The Participation Award-Winners: The ’02 Padres’ leader in pitching appearances was Jeremy Fikac (#17), who posted a 5.35 ERA, a 70 ERA+ and a 1.57 WHIP. Fifth on that list was Mike Holtz (#18), who had marks of 4.71, 81 and 1.86. Six others took the ball at least 10 times with an ERA north of 5.50: Jason Boyd (#19), Tom Davey (#20), Jason Kershner (#21), Rodney Myers (#22), Kevin Walker (#23) and Doug Nickle (#24).

The Anonymous Guy: His name is about as bland as it gets, his 4.11 ERA in 16 games was neither particularly good nor bad, and I don’t really remember the parts of six seasons he spent in the majors. He is Jonathan Johnson (#25). I am sure he is a very nice fellow and apparently he is enshrined in the Florida State University Hall of Fame. That’s all I’ve got.

The One-Timers: Imagine that you accomplish your life-long dream, beating overwhelming odds to make it to the major leagues. Your stay is brief, but you nonetheless are part of an elite fraternity. Oh, but your one taste of The Show came with the 2002 Padres. Sorry. Such is life for Eric Cyr (#26) and J.J. Trujillo (#27).

The ‘Nasty, Brutish and Short’ Club: In the grand scheme of the ’02 Padres’ awfulness, these guys played bit parts, but since this is nothing if not an exercise in thoroughness, they must be acknowledged. Please step forward, Jason Shiell (#28), David Lundquist (#29) and Juan Moreno (#30), who all made between two and four appearances, with respective ERAs of 27.00, 16.88 and 7.50.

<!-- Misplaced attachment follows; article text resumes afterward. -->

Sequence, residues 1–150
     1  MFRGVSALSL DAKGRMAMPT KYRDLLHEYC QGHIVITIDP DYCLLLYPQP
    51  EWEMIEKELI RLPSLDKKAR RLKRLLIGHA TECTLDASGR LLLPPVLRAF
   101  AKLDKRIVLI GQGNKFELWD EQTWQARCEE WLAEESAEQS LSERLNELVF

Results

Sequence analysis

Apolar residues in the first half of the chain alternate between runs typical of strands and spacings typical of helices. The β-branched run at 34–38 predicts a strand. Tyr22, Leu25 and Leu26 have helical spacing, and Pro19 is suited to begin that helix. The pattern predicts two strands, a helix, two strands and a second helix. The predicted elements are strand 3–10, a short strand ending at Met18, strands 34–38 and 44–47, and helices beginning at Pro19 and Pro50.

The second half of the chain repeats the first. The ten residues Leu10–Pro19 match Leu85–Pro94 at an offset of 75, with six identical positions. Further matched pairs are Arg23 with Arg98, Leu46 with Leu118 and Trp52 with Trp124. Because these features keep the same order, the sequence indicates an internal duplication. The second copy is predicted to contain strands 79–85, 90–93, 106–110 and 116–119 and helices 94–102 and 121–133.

The Clean Sheeters: Even amidst ruin, one might discover perfection. In small doses, to be sure, but it’s there. And so it is with our final three Friars, who all managed to take the mound in that fateful year and emerge with an ERA of 0.00, saved by the grace of the small sample size. Jason Pearson (#31) made two appearances. Jose Nunez (#32) made one.

And that brings us to D’Angelo Jimenez (#33). Now 34 years old and a veteran of eight big league seasons with seven organizations, he has spent 2012 in independent ball and the Mexican League. Back in 2001, he was Baseball America’s No. 46 prospect. In 2002, he made his one and only MLB pitching appearance. It was June 30 in Kansas City. Peavy started and got knocked out early. Myers and Fikac didn’t help matters, and so Bochy apparently decided to preserve his bullpen – a futile gesture, if there ever was one – by handing the final 1 1/3 innings over to Jimenez.

He retired all four batters he faced. Baseball is weird.

-- Follow Hitting The Cutoff Man on Twitter at HitTheCutoff

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Edwin Jackson's Wild Journey

  • Monday, February 6, 2012 7:14 AM
  • Written By: Andrew Simon

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Baseball America named a 20-year-old Edwin Jackson its top Dodgers prospect for the 2004 season and wrapped up its scouting report with this: “He’s the best homegrown pitching prospect the Dodgers have developed since Pedro Martinez, and they don’t plan on letting this one get away.”

Well, it’s a funny thing about plans …